While the testimony for the plaintiff indicates that weeds and bushes in places were as high as 6 to 8 feet above the level of the ground, the testimony for defendant shows that the eyes of a man riding in the cab of a truck are from 5 to 6 1/2 feet above the level of the road, and that the railroad engine involved was at least twelve feet high. Such being the physical facts, the weeds and bushes along the fence did not materially obstruct the vision of the driver of a truck going west on the private road.

There is a curve to the south in the railroad tracks beginning at or near the whistle post (which is 1320 feet east of the crossing) and ending some 15 or 20 feet east of the crossing. If a straight line be drawn from the end of the wire fence on the highway at a point 11 feet south of the extreme southern rail extending east to approximately the beginning of the curve, it would cross both the east and west-bound tracks 15 to 20 feet east of the crossing, and at approximately 500 feet further to the east the line would be approximately 30 feet north of the northern rail of the west-bound track, and at 900 feet the line would again re-cross the rails and end about the center of the east-bound track. There is included in this line of vision the entire right of way which seems to be level. There were no weeds, bushes or trees to obstruct the view. Indeed, the rails themselves were clearly visible for the whole 900 feet.

When Epling made his right turn from the private road into the public highway he was then 11 feet from the nearest east-bound rail, from which position he had a clear, unobstructed view across the curve for a distance of more than 900 feet. He was driving at approximately 4 1/2 miles an hour and had to travel 28.1 feet before he reached the southern rail of the west-bound track. The front of his truck, including the cab, had passed over both of these rails when it was struck "about 2 ft. back of the cab" by the front of the engine. Epling did not decrease or increase his speed — that is, while traversing the 28.1 feet he was traveling approximately 7 feet a second. The train was approaching at 48 miles an hour — that is, it was traveling approximately 70 feet a second.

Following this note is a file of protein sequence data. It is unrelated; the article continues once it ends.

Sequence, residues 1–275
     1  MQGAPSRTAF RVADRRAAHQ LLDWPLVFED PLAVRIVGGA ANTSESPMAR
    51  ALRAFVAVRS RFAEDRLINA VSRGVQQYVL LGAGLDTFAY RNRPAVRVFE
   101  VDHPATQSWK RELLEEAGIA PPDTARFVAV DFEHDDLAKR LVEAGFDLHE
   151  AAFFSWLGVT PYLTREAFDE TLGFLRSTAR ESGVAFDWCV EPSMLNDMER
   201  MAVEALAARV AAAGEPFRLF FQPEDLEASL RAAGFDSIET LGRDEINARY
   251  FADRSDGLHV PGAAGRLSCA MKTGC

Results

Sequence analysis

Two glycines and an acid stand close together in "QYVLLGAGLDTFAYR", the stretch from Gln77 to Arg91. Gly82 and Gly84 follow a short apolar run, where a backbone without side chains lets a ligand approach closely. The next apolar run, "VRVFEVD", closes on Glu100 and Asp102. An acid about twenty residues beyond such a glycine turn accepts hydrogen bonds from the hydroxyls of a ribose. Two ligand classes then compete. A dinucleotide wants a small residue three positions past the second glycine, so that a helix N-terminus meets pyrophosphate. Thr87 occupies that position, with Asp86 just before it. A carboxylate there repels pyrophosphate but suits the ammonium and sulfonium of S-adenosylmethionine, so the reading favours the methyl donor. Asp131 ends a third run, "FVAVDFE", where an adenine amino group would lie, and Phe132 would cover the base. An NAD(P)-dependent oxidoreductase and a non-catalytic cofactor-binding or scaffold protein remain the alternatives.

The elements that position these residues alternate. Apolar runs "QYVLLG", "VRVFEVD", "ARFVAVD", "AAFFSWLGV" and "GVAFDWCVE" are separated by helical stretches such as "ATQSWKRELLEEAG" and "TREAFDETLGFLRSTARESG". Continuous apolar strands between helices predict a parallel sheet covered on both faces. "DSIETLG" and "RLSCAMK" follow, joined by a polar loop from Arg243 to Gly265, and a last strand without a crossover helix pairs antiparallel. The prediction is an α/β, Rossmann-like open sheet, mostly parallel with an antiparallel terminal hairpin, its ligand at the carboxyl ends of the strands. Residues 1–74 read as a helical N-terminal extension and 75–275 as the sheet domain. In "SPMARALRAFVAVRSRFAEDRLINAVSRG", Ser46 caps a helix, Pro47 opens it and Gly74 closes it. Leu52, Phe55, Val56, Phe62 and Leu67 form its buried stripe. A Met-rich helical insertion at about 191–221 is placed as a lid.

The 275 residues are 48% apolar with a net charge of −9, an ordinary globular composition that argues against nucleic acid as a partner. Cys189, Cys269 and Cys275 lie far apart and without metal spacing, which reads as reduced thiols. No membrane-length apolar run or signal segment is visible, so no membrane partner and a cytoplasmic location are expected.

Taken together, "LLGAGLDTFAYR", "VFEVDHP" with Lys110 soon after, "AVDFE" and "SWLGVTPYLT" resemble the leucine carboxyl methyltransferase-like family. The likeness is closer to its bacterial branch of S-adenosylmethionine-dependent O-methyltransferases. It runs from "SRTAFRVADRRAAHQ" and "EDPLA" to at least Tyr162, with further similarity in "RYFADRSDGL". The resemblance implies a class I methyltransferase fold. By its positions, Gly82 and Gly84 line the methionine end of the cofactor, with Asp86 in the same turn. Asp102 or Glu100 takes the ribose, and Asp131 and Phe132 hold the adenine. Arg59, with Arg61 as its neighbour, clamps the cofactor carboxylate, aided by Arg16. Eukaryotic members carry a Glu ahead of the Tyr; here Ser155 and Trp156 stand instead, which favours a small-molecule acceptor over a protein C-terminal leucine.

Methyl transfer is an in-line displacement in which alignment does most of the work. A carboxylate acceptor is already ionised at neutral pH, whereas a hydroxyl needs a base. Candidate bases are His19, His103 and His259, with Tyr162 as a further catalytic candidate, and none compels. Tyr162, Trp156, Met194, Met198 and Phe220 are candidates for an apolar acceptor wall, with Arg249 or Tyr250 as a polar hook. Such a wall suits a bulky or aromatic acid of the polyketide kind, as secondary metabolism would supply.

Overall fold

The inevitable conclusion is that when Epling made the right turn from the private road into the public road the train was within 900 feet of the crossing and in plain view. Epling could have stopped his truck almost instantly, certainly within a few feet. His failure to see the approaching train and to take reasonable precaution for his own safety, convicts him of contributory negligence which was the contributing, if not the sole, proximate cause of his death.

Plaintiff also contends that if Epling could have seen the approaching train the engineer of the train could have seen Epling and that the train should have been stopped in time to avoid the collision.